Titanic Monument rededicated
LIVERPOOL’S Monument to All the Heroes of the Marine Engine Room was rededicated on the centenary of RMS Titanic’s sinking.
Usually known simply as the Titanic Monument, the £8,000 restoration also provided an interpretation plaque for the first time, when unveiled yesterday.
The crowd of on-lookers was swelled by passengers from the cruise liner Marco Polo, berthed alongside on its first visit to Liverpool.
The Pier Head obelisk was designed by the leading sculptor William Goscombe John.
It was paid for by Titanic’s owners, White Star Line, and what is now IMAREST, the Institute of Marine Engineering, Science & Technology.
However, by the time of the monument’s unveiling in 1916, the losses had also occurred of the Liverpool liners Empress of Ireland, with 1,012 deaths, and Lusitania, with 1,201 deaths.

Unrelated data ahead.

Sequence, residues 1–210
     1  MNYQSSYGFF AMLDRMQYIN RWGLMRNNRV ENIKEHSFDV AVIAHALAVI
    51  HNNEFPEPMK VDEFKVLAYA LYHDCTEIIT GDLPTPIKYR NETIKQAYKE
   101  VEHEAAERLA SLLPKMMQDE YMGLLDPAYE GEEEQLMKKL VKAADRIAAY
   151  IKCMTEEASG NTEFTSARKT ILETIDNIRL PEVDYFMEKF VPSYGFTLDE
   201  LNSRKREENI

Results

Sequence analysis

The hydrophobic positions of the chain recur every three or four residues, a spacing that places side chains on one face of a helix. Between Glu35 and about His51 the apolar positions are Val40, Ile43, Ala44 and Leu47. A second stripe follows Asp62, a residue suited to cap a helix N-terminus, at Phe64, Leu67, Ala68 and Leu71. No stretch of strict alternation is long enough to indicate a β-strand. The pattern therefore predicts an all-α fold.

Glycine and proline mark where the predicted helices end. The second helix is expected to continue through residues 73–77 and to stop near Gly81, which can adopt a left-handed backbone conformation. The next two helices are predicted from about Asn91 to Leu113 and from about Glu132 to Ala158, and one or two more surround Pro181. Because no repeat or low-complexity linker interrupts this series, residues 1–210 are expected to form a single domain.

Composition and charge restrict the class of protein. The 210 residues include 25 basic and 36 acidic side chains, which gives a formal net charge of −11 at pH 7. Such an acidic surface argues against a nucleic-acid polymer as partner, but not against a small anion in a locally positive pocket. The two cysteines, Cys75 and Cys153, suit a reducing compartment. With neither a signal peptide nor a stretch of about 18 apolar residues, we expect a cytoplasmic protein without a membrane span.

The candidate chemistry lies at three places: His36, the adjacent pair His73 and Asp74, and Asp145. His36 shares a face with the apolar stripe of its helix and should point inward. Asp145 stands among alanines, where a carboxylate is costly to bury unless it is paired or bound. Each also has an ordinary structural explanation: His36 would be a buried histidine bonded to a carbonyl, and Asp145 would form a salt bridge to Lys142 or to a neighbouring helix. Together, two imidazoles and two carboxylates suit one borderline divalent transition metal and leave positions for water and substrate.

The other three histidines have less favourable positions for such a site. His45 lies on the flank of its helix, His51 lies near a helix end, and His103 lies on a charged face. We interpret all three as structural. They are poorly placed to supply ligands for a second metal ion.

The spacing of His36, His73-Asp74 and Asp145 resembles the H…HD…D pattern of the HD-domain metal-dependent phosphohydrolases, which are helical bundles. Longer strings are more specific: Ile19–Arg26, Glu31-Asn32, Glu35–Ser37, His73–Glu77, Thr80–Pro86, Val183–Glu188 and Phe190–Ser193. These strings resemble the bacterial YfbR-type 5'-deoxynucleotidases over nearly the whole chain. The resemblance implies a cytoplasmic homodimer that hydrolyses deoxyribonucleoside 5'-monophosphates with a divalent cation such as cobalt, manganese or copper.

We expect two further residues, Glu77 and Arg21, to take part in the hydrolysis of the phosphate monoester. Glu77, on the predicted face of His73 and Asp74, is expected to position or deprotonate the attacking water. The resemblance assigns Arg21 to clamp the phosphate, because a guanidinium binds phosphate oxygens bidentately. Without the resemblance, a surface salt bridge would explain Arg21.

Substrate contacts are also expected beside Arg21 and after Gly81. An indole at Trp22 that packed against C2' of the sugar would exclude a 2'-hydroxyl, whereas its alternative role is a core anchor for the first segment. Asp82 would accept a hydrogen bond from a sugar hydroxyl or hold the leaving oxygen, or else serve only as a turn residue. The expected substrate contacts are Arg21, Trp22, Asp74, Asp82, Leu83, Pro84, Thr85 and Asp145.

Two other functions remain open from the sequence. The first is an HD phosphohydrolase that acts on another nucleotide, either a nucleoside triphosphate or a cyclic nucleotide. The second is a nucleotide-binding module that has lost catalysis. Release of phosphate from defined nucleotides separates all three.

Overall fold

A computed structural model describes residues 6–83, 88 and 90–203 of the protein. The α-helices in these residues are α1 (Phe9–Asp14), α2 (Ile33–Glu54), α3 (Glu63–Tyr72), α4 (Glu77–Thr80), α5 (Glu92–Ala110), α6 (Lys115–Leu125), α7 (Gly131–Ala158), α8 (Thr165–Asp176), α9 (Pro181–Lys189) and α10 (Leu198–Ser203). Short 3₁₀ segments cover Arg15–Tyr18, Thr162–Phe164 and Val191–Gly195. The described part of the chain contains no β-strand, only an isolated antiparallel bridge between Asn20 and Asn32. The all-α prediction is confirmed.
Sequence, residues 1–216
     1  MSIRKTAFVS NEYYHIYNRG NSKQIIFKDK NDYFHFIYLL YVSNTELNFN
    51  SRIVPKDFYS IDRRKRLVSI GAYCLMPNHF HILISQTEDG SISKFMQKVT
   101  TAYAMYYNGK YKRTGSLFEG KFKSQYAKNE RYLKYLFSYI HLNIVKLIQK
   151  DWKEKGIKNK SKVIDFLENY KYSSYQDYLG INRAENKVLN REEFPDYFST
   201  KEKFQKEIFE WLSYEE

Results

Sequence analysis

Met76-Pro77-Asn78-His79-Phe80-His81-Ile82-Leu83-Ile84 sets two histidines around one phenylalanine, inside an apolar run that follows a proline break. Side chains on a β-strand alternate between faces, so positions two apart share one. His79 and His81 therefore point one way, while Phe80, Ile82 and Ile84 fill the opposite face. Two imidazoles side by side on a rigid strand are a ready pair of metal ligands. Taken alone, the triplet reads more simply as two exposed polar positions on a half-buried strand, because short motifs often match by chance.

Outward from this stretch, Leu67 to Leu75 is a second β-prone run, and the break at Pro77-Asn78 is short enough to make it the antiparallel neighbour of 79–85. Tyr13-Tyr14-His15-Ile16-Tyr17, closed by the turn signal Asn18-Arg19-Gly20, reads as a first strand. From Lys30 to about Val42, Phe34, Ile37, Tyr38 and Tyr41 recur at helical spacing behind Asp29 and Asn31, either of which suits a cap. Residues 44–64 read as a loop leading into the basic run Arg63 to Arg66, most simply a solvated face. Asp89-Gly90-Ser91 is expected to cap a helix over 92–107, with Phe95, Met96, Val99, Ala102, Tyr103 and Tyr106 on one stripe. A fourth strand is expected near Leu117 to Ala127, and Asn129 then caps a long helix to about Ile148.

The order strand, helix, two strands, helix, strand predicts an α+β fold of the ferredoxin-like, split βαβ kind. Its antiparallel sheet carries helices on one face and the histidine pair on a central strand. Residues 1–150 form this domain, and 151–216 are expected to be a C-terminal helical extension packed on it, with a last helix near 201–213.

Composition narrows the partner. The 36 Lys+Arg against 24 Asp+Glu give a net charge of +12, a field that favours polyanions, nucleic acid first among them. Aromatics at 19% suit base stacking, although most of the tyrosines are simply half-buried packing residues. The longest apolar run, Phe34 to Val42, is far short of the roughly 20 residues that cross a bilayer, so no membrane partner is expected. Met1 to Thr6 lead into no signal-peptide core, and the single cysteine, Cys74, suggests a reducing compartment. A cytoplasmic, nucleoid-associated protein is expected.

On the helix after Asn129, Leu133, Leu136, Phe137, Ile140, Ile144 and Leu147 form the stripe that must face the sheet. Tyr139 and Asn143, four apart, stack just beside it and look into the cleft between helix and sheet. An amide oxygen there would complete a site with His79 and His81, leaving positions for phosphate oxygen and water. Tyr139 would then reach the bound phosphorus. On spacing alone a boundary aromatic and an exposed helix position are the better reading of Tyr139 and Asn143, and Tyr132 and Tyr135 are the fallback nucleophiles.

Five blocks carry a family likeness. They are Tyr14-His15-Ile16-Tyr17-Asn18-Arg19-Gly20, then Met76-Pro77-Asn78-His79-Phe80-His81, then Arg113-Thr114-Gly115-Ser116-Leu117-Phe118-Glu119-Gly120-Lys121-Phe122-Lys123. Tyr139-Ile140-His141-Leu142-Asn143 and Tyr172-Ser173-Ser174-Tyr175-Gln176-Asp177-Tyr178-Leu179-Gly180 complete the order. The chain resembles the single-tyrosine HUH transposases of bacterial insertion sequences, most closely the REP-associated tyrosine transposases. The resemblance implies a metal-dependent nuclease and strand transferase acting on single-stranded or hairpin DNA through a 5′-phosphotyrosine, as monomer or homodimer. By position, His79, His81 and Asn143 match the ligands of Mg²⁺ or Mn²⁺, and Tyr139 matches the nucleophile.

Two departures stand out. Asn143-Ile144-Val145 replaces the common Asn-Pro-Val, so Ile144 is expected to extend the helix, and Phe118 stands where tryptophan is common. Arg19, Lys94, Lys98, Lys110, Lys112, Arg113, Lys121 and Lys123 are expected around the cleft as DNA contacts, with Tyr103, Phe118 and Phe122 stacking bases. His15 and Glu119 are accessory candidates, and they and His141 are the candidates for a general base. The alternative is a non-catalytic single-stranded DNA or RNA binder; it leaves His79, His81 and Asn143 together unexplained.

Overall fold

It was thereafter generally assumed that the monument stood as a reminder of the sacrifice of all engine room crews, including those in both world wars.
Among the new regulations and bodies that emerged after the Titanic sinking was the Guild of Benevolence Charity of IMAREST.
Originally, this was called the Titanic Engineering Staff Memorial Fund to assist widows, orphans and other dependents of engineers who died heroically at their posts that night.
The Guild continues to support marine engineer hardship cases.
Dennis Baker, IMAREST North West social secretary, said: “Two years ago, a contact told us how impressive the monument was, but there was nothing to explain its purpose. Furthermore, on inspection it was clear that the monument could do with some remedial work. We asked Liverpool City Council if they could help and for it to be done by the centenary date.”
Anthony Muncer, Guild of Benevolence chairman, said: “We’re the only registered charity still in operation directly linked to Titanic.
“It’s wonderful to see this monument restored so well.”
The service was led by Rev Keith Hitchman, Pioneer minister for Liverpool city centre. Guests included Lord Mayor of Liverpool, Cllr Frank Prendergast, Lord Lt of Merseyside Dame Lorna Muirhead and High Sheriff Prof Helen Carty.
Liverpool Welsh Choral led the singing and HMS Astute Wallasey Sea Cadets acted as stewards.